• In an embodiment, an ensemble model can be built based on at least the scores associated with the second machine learning models, where whether the first data set is to be discarded or kept for training the first machine learning model is determined by running the ensemble model using the first data set and comparing an output of the ensemble model with the ground truth associated with the first data set.
  • In an embodiment, an ensemble model built based on at least the scores associated with the second machine learning models can be received. In an embodiment, an entity that builds the ensemble model can also receive a score associated with the first machine learning model from the second machine learning models and use the scores associated with the second machine learning models and the first machine learning model to build the ensemble model. The ensemble model can be considered as weighted ensemble model, for example, with the ensemble model being built based on the accuracy weights associated with the second machine learning model and the first machine learning model. For example, the ensemble model combines the parameters and/or weights (e.g., neural network neuron or node weights) of the first machine learning model and the second machine learning model. The ensemble model can be run using the first data set. The first data set having ground truth that matches with an output of the ensemble model can be selected or kept, for example, as training data for the first machine learning model.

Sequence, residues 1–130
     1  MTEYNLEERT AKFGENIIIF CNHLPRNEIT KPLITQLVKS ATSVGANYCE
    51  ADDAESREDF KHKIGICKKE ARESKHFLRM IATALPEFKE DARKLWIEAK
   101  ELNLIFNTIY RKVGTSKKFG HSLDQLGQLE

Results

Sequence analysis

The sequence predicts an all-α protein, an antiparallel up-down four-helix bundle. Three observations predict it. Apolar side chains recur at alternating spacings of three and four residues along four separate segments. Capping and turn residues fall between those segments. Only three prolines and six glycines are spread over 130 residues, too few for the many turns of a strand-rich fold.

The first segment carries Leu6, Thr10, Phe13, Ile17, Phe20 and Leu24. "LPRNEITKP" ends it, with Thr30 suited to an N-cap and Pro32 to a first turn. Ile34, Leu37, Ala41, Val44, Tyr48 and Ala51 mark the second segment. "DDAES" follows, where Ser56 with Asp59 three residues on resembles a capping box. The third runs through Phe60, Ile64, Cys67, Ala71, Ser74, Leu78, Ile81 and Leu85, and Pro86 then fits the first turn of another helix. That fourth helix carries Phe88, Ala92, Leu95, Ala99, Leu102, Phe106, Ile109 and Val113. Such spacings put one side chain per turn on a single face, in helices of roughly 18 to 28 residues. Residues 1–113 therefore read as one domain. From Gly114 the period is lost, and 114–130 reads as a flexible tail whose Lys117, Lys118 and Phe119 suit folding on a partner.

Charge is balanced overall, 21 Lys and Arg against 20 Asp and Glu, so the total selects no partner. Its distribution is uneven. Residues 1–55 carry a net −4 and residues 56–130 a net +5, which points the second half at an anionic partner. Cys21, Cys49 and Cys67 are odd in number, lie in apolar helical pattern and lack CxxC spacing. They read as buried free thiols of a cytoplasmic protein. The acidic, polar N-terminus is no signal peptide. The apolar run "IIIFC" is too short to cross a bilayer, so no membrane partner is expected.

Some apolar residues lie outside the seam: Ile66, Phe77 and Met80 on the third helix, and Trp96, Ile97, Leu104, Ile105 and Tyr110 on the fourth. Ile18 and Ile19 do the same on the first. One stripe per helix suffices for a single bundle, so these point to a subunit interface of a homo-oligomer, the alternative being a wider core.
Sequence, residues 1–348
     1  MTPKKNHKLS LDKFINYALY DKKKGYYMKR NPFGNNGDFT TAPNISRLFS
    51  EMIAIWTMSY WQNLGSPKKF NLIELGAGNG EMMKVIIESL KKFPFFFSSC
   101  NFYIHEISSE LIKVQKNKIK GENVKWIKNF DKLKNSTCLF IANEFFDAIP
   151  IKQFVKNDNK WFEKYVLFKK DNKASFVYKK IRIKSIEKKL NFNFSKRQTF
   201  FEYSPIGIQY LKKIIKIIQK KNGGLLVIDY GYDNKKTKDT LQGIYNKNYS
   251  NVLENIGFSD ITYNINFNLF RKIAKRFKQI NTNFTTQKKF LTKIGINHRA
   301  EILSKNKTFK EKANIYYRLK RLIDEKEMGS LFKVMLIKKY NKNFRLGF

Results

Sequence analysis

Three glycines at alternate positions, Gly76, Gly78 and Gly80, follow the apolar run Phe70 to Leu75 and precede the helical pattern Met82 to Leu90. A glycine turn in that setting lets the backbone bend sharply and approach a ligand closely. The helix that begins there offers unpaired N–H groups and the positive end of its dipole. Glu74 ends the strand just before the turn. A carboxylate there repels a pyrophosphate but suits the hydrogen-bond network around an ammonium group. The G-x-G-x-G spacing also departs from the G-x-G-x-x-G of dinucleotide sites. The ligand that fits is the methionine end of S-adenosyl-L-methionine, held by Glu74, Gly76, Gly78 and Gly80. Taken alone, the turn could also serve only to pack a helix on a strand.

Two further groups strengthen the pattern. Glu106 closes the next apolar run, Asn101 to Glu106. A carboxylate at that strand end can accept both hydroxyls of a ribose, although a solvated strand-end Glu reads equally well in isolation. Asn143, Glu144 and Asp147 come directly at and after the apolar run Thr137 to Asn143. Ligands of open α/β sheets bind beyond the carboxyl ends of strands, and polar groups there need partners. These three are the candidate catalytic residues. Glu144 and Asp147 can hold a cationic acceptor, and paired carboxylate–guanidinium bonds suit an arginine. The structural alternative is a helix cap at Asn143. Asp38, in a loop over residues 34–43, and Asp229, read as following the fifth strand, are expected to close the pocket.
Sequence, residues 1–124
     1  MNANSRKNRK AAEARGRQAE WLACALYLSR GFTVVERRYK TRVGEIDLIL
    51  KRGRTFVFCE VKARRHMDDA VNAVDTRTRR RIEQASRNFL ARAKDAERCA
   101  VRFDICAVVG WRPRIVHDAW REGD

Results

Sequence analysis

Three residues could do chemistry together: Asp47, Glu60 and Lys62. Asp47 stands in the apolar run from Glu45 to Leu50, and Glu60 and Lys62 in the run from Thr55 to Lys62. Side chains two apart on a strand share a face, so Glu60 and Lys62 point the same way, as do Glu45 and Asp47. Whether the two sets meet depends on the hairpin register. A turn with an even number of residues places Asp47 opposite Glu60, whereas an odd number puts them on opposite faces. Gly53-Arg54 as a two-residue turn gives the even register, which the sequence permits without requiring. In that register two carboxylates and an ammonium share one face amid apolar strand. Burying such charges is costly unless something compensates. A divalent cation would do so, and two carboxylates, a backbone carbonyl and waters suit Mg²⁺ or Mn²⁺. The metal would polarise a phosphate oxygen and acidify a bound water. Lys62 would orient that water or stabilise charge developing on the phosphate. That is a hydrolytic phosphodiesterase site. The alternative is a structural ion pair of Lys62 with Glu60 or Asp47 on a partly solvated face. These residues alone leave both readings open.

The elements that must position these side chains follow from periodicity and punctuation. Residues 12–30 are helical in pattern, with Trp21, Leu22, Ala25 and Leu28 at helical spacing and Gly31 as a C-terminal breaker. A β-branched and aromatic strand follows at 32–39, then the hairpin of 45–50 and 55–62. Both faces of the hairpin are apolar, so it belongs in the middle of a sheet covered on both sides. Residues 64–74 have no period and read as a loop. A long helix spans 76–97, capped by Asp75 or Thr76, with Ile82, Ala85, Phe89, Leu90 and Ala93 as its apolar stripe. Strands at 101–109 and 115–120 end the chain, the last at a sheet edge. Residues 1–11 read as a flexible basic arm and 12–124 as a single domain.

• In an embodiment, the first machine learning model can be trained using the first data set determined to be kept. In an embodiment, the first machine learning model trained using the first data set can be exchanged with a plurality of sites respectively running the second machine learning models.